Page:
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“We Have To Let Go In The End” – Where To Draw The Line Between Personal Care And Professionalism

It’s part of our job to become close to the children we care for, but applying common sense and remaining professional is always the order of the day

The Secret Practitioner
by The Secret Practitioner

Anyone who is around young children for any length of time faces an inevitable question: “Do you want to come to my birthday party?”

Normally, the appropriate answer for a practitioner to give would be something nice and vague like, “Ooh, I’ll have to see.” And then hopefully, the matter will be forgotten. But last week, when asked by one of the children under my care if I fancied going along to his third birthday bash, I surprised some of my colleagues by answering, “Yes, of course!”

Alright, I know that’s against the guidelines given out at most settings, but in this case it isn’t as bad as it seems. I knew this child’s parents even before he started at nursery and so I’m not breaking any rules. But this got me thinking about our personal relationships with the children under our care, how they develop and what crosses boundaries.

This can be a difficult subject for all involved. It is part of our jobs to be warm, affectionate and caring to the children we look after, and it’s only natural that sometimes we may find ourselves getting a little too involved with our charges; we wouldn’t be human if we didn’t.

Let’s be honest, we all have our favourites even if we know we shouldn’t. Who hasn’t felt a bit emotional on the day that one of our especially sweet little friends has finally headed off to primary school never to cross our path again? And, of course, it cuts both ways. There are children in every setting who charge through the door in the morning excited to see their favourite practitioner.

But tied in with issues of favouritism, professionalism and, of course, safeguarding, this can become an area of some concern. Different settings have completely different rules on what is and isn’t appropriate, and sometimes practitioners are actively discouraged, or even banned from, having anything other than the minimum level of contact with a child.

I’m sure every practitioner knows the best thing to do is to keep an element of distance and remain professional at all times. But it can be tempting sometimes to cling on. When children we have cared for day after day, perhaps over the course of several years, move up to preschool, I’ve found myself regularly popping over to visit them in their new surrounds until they eventually leave the building for good when it’s time to start at big school. Even after they leave, I’ve found myself hoping I might be asked to babysit.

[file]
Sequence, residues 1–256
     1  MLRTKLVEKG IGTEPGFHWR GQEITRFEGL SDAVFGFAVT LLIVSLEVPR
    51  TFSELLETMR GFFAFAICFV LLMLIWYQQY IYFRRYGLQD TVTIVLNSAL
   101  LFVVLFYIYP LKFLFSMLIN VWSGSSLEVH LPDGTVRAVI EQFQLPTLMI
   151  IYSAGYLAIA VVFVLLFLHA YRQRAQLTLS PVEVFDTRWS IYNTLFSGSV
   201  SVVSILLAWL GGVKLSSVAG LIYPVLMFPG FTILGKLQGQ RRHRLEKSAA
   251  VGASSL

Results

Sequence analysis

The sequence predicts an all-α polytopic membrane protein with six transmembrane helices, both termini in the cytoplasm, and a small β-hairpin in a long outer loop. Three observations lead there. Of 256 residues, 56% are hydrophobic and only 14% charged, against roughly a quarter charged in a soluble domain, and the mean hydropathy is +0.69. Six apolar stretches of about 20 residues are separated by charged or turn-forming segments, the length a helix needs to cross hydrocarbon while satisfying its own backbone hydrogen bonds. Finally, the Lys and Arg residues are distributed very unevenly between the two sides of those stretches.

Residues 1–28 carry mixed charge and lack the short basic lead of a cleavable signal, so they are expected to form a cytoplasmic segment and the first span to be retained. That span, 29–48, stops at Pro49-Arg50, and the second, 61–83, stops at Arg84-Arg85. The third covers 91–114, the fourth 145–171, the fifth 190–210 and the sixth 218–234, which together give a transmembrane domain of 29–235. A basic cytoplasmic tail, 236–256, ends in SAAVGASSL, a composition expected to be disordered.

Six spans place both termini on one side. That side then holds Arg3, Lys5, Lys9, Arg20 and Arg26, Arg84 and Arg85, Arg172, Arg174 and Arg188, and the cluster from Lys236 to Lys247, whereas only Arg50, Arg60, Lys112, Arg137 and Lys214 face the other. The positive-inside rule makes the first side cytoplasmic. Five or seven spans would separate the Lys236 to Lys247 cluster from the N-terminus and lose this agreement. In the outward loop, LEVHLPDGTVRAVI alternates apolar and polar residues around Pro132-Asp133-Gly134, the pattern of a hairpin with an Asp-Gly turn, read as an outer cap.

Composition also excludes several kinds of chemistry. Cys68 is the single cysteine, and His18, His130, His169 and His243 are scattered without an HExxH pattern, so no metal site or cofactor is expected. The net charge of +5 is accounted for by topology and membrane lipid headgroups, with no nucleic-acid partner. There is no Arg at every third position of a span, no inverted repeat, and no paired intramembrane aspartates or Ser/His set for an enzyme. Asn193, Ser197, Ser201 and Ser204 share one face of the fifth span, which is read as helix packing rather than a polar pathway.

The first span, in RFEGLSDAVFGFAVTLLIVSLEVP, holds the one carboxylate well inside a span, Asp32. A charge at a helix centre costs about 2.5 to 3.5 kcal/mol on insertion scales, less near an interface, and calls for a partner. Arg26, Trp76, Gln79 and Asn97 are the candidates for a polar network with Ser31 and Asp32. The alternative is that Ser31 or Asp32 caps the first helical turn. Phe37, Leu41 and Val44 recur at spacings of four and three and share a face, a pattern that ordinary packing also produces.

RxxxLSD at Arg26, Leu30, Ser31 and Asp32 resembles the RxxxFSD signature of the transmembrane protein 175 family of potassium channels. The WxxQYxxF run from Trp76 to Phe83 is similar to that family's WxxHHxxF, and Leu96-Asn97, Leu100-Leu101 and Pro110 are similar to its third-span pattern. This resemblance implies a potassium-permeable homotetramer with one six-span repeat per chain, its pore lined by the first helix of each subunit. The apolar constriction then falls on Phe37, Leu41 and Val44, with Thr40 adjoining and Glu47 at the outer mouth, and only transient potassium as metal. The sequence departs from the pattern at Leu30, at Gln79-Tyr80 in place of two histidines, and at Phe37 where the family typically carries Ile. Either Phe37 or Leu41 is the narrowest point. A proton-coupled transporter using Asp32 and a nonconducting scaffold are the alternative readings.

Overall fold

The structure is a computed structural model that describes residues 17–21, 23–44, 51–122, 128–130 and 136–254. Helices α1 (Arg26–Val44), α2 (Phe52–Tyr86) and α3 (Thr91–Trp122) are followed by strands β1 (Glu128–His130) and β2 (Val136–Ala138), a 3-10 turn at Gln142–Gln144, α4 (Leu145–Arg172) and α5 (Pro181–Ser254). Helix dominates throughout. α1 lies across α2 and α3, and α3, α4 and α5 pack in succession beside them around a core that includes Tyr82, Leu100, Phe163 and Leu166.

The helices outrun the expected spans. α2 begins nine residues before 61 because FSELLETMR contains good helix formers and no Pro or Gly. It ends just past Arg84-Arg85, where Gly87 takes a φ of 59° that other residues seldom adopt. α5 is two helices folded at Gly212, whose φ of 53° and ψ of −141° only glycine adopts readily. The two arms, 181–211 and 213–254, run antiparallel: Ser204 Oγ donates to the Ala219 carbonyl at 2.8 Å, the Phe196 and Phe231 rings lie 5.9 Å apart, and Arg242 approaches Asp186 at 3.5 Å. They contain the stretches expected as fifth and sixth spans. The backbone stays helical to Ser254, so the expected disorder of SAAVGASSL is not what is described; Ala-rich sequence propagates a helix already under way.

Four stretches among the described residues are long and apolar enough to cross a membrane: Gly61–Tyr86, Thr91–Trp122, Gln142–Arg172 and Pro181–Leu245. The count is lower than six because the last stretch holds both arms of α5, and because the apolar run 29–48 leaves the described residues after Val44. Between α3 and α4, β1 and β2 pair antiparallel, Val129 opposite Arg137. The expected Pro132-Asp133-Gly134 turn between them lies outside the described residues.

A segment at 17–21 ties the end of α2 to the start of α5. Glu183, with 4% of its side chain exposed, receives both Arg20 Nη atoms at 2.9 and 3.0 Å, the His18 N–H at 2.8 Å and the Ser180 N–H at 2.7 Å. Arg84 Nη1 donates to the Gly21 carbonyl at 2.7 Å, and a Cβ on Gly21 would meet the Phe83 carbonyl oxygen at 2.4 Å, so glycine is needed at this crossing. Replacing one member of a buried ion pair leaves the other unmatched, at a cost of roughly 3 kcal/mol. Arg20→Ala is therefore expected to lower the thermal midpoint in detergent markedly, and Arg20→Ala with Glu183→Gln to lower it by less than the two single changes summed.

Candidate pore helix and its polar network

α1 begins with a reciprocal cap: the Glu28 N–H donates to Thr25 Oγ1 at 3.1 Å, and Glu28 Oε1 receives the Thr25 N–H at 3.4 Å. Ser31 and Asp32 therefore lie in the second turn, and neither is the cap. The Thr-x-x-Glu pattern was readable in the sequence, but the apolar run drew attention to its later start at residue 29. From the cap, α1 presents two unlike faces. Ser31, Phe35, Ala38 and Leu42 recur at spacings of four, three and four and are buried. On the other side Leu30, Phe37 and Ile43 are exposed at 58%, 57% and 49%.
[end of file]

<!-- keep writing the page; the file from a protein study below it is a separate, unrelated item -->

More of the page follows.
Within a setting, I don’t think these sorts of attachments are as problematic as they sometimes seem. Children making what are often difficult transitions to new rooms can benefit greatly from the odd visit from a close staff member; it helps them learn that just because things are changing, they aren’t being completely abandoned.

On the other hand, there are negatives to close relationships between staff and children. I’ve witnessed some children screaming and crying whenever a certain staff member leaves the room. This is to be expected on occasion, but the worse thing practitioners can do is pander to it. Sometimes I’ll hear comments along the lines of, “I’ve got to go down to the kitchen to get some plates now, but Tommy will cry if I go, so I’ll bring him along with me.” I certainly don’t think it’s a good idea to make a practitioner into a sort of human comfort blanket for a child.

Eventually, however we feel and whatever we do, we have to let go. That’s all there is to it at the end of the day. It’s something that’s a part of life, and ultimately, a valuable lesson for all children, teaching them that sometimes we have to say goodbye and move on to pastures new.

And who knows? Perhaps next week at the birthday party I mentioned earlier, where, I’m guessing, I’ll be used as a climbing frame, forced to pretend to be a monster, covered in paint and generally expected to act as a sort of free children’s entertainer, I’ll find myself wishing I’d been a little more distant all along and given a firm “No!” to that party invitation.

The Secret Practitioner works in a private nursery and preschool in Greater Manchester.

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